4. Ijichi K, Fujiwara M, Hanasaki Y, Katsuura K, Shigeta S, Konno K, Yokota T, Baba M: Inhibitory effect of 4-(2, 6-dichlorophenyl)-1, 2, 5-thiadiazol-3-yl-N-methyl, N-ethylcarbamate on replication of human immunodeficiency virus type 1 and the mechanism of action. Biochem Mol Biol Int 1996, 39: 41–52.PubMedGoogle Scholar
  5. Cartwright IM, Genet MD, Kato TA: A simple and rapid fluorescence in situ hybridization microwave protocol for reliable dicentric chromosome analysis. J Radiat Res 2013, 54: 344–348. 10.1093/jrr/rrs090PubMed CentralView ArticlePubMedGoogle Scholar
  6. Hayata I, Kanda R, Minamihisamatsu M, Furukawa M, Sasaki MS: Cytogenetical dose estimation for 3 severely exposed patients in the JCO criticality accident in Tokai-mura. J Radiat Res 2001, 42(Suppl):S149-S155. 10.1269/jrr.42.S149View ArticlePubMedGoogle Scholar
  7. Sasaki MS, Hayata I, Kamada N, Kodama Y, Kodama S: Chromosome aberration analysis in persons exposed to low-level radiation from the JCO criticality accident in Tokai-mura. J Radiat Res 2001, 42(Suppl):S107-S116. 10.1269/jrr.42.S107View ArticlePubMedGoogle Scholar
  8. Williams ES, Cornforth MN, Goodwin EH, Bailey SM: CO-FISH, COD-FISH, ReD-FISH, SKY-FISH. Methods Mol Biol 2011, 735: 113–124. 10.1007/978-1-61779-092-8_11View ArticlePubMedGoogle Scholar
  9. Williams ES, Bailey SM: Chromosome orientation fluorescence in situ hybridization (CO-FISH). Cold Spring Harb Protoc 2009, 2009: pdb prot5269.View ArticlePubMedGoogle Scholar
  10. Bailey SM, Goodwin EH, Cornforth MN: Strand-specific fluorescence in situ hybridization: the CO-FISH family. Cytogenet Genome Res 2004, 107: 14–17. 10.1159/000079565View ArticlePubMedGoogle Scholar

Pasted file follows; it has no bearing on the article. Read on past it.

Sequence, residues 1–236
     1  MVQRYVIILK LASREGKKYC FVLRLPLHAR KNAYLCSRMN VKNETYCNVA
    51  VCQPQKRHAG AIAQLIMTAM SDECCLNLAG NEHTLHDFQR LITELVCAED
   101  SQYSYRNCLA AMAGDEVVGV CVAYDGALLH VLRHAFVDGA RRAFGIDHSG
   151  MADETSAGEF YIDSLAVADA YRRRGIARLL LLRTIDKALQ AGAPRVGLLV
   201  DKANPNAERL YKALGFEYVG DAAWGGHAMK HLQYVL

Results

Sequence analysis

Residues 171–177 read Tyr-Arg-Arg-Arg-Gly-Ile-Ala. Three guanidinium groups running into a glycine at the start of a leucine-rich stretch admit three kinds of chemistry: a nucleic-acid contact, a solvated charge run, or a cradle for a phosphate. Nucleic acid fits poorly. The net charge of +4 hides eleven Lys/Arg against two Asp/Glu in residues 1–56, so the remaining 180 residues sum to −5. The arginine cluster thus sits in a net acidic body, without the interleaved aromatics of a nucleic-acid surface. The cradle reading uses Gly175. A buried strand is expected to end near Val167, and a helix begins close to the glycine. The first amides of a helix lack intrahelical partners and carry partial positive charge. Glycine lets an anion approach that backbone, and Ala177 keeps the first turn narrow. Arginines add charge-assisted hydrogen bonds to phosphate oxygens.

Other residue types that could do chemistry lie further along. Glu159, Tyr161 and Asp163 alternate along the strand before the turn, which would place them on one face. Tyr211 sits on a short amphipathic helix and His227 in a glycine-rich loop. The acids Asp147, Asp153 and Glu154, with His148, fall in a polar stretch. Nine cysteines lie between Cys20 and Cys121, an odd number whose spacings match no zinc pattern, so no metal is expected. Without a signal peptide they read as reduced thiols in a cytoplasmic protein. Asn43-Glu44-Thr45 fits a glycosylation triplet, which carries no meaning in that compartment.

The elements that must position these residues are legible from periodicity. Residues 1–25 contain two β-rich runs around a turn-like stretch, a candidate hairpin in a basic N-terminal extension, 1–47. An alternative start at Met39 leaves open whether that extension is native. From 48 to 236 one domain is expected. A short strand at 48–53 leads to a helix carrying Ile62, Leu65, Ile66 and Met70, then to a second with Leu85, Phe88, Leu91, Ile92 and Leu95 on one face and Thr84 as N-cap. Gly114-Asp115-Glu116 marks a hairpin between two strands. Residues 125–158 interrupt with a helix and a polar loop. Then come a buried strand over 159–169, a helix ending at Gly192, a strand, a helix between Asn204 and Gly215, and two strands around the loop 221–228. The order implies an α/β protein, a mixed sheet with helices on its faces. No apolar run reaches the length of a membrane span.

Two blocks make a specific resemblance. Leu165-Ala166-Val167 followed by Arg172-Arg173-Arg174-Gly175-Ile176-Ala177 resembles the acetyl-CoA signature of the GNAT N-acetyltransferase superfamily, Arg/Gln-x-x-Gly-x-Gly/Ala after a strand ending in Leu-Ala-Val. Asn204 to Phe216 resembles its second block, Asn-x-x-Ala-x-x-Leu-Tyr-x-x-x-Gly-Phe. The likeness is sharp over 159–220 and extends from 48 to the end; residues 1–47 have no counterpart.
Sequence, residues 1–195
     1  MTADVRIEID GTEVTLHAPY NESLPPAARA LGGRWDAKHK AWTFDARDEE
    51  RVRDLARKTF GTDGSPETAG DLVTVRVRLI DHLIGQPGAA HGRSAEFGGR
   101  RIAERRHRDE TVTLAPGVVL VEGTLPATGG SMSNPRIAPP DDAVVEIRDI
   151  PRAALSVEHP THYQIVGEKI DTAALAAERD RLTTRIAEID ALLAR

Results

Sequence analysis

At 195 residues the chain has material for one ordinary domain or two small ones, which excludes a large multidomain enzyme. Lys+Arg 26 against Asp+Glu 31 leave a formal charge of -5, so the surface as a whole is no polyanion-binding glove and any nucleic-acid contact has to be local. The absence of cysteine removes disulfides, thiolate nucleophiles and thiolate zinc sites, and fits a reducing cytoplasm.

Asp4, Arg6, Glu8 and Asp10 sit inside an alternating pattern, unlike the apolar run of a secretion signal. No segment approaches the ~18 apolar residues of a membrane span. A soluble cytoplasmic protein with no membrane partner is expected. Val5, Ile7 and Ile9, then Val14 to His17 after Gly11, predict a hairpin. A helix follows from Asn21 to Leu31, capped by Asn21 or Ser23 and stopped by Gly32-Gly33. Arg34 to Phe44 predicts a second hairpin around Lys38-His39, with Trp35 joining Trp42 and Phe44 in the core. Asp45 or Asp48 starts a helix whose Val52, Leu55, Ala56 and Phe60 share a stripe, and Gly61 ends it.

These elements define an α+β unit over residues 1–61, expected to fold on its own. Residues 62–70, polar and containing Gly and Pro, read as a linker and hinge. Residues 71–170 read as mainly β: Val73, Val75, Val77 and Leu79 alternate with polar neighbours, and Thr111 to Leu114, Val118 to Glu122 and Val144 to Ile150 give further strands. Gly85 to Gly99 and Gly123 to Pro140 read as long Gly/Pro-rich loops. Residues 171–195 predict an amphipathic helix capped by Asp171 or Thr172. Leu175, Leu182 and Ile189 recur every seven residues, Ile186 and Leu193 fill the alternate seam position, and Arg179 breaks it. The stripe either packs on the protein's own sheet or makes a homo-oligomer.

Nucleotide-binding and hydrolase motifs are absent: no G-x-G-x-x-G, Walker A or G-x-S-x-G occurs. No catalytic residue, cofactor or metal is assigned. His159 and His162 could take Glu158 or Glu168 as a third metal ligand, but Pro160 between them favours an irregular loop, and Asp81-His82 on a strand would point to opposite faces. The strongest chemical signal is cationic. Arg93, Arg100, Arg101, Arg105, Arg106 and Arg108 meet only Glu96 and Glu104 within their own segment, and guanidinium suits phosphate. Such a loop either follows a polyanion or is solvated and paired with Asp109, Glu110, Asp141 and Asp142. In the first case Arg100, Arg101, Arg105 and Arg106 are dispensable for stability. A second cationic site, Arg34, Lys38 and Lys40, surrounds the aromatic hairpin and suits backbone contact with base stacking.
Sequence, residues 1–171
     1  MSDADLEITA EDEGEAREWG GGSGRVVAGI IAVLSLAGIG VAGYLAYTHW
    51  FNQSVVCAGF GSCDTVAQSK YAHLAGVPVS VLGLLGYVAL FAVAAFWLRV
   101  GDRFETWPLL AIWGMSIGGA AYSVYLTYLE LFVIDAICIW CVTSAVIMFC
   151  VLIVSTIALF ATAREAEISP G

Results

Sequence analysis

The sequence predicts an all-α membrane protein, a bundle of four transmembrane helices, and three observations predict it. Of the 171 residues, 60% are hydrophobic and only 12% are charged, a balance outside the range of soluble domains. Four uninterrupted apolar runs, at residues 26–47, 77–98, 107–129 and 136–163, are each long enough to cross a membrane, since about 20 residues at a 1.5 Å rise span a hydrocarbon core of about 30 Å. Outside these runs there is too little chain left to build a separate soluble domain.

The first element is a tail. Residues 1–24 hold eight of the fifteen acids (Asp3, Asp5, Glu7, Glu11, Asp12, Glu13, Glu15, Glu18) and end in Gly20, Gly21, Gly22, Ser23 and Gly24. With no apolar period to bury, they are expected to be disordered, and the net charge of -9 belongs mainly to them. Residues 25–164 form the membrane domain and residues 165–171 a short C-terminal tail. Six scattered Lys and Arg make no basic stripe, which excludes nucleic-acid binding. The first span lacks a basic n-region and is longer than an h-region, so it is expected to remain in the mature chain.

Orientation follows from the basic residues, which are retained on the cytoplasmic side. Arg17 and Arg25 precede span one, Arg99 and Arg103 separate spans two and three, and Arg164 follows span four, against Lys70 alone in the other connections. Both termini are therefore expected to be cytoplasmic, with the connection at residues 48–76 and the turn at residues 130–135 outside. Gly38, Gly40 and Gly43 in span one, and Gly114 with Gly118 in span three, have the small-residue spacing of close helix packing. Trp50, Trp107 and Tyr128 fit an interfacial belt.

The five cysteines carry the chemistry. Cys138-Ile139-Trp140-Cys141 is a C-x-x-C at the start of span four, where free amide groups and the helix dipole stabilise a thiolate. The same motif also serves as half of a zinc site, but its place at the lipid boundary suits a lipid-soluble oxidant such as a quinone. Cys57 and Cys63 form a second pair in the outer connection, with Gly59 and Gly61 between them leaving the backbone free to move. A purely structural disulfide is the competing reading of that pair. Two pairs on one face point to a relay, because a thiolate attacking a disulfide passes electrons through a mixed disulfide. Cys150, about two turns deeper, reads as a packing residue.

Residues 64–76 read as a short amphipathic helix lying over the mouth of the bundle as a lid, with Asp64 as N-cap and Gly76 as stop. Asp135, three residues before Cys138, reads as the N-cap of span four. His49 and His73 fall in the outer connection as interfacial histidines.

11. Bailey SM, Goodwin EH, Meyne J, Cornforth MN: CO-FISH reveals inversions associated with isochromosome formation. Mutagenesis 1996, 11: 139–144. 10.1093/mutage/11.2.139View ArticlePubMedGoogle Scholar
  12. Wittung P, Nielsen P, Norden B: Extended DNA-recognition repertoire of peptide nucleic acid (PNA): PNA-dsDNA triplex formed with cytosine-rich homopyrimidine PNA. Biochemistry 1997, 36: 7973–7979. 10.1021/bi963136bView ArticlePubMedGoogle Scholar
  13. Egholm M, Buchardt O, Christensen L, Behrens C, Freier SM, Driver DA, Berg RH, Kim SK, Norden B, Nielsen PE: PNA hybridizes to complementary oligonucleotides obeying the Watson-Crick hydrogen-bonding rules. Nature 1993, 365: 566–568. 10.1038/365566a0View ArticlePubMedGoogle Scholar
  14. Bukanov NO, Demidov VV, Nielsen PE, Frank-Kamenetskii MD: PD-loop: a complex of duplex DNA with an oligonucleotide. Proc Natl Acad Sci USA 1998, 95: 5516–5520. 10.1073/pnas.95.10.5516PubMed CentralView ArticlePubMedGoogle Scholar
  15. Matthiesen SH, Hansen CM: Fast and non-toxic in situ hybridization without blocking of repetitive sequences. PLoS One 2012, 7: e40675. 10.1371/journal.pone.0040675PubMed CentralView ArticlePubMedGoogle Scholar
  16. Neidle S, Parkinson GN: The structure of telomeric DNA. Curr Opin Struct Biol 2003, 13: 275–283. 10.1016/S0959-440X(03)00072-1View ArticlePubMedGoogle Scholar
  17. Maeda J, Yurkon CR, Fujisawa H, Kaneko M, Genet SC, Roybal EJ, Rota GW, Saffer ER, Rose BJ, Hanneman WH, et al.: Genomic instability and telomere fusion of canine osteosarcoma cells. PLoS One 2012, 7: e43355. 10.1371/journal.pone.0043355PubMed CentralView ArticlePubMedGoogle Scholar

Copyright

© Genet et al.; licensee BioMed Central Ltd. 2013

This article is published under license to BioMed Central Ltd. This is an open access article distributed under the terms of the Creative Commons Attribution License (http://creativecommons.org/licenses/by/2.0), which permits unrestricted use, distribution, and reproduction in any medium, provided the original work is properly cited.

Advertisement